Terms: Spr | Units: 4 | Grading: Medical Option (Med-Ltr-CR/NC)

MED 157: Foundations for Community Health Engagement

Open to undergraduate, graduate, and MD students. Examination and exploration of community health principles and their application at the local level. Designed to prepare students to make substantive contributions in a variety of community health settings (e.g. clinics, government agencies, non-profit organization, advocacy groups). Topics include community health assessment; health disparities; health promotion and disease prevention; strategies for working with diverse, low-income, and underserved populations; and principles of ethical and effective community engagement.
Terms: Spr | Units: 3 | UG Reqs: WAY-ED, WAY-SI | Grading: Letter (ABCD/NP)

MED 200: Primary Care Presentations

This course is a lecture series offered during the winter quarter. The aim of this seminar is to allow medical students to experience the mindset of primary care physicians in real time. Classes feature presentations of patient cases submitted by Stanford faculty. Faculty presenters are provided with the diagnostic information for the cases in a sequential manner during and not in advance of each class, allowing students to learn from the thought process of physicians in real time as they put together the differential diagnosis, interpret diagnostic information, deliberate treatment and management options, and discuss other thoughts about the cases.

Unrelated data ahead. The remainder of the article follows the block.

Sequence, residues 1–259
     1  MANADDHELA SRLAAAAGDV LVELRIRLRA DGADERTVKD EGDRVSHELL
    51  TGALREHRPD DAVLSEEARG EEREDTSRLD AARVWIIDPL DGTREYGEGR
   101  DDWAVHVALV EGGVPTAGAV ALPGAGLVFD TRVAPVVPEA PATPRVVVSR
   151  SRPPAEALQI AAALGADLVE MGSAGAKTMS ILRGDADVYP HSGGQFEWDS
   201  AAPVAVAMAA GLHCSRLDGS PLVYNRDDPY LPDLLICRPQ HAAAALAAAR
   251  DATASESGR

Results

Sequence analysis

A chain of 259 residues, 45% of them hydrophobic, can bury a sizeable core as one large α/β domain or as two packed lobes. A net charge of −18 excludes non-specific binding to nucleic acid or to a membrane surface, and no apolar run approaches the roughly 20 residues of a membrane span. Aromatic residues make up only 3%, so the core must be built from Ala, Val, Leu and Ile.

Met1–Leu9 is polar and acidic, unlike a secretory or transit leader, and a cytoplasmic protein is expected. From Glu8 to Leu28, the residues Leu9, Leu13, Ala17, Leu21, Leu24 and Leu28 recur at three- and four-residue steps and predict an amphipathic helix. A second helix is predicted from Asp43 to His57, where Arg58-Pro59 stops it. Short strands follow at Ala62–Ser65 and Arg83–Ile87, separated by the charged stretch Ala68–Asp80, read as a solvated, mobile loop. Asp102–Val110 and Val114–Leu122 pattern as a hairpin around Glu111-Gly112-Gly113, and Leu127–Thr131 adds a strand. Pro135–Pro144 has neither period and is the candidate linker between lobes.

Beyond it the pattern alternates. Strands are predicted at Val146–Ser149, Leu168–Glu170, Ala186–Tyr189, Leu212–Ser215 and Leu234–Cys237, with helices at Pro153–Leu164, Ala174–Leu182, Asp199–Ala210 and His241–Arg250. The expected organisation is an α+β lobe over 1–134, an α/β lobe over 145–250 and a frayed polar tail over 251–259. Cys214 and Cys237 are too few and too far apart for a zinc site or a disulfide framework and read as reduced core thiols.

Terms: Win | Units: 1 | Grading: Medical Satisfactory/No Credit

MED 228: Physicians and Social Responsibility

Social and political context of the roles of physicians and health professionals in social change; policy, advocacy, and shaping public attitudes. How physicians have influenced governmental policy on nuclear arms proliferation; environmental health concerns; physicians in government; activism through research; the effects of poverty on health; homelessness; and gun violence. Guest speakers from national and international NGOs.
Terms: Aut | Units: 1 | Grading: Medical Satisfactory/No Credit
Instructors: Laws, A. (PI)

MED 229: Introduction to Global Health

Provides an overview of global health and how it is similar to and different from public health and tropical medicine. Topics include the evolution, economics, politics of global health, major players in global health, and issues of geography, politics, humanitarianism, human rights, science, research, culture and disease.
Terms: not given this year, last offered Spring 2017 | Units: 1 | Grading: Medical Option (Med-Ltr-CR/NC)

MED 232: Virtual Student Exchange in Global Health between Lebanon and Stanford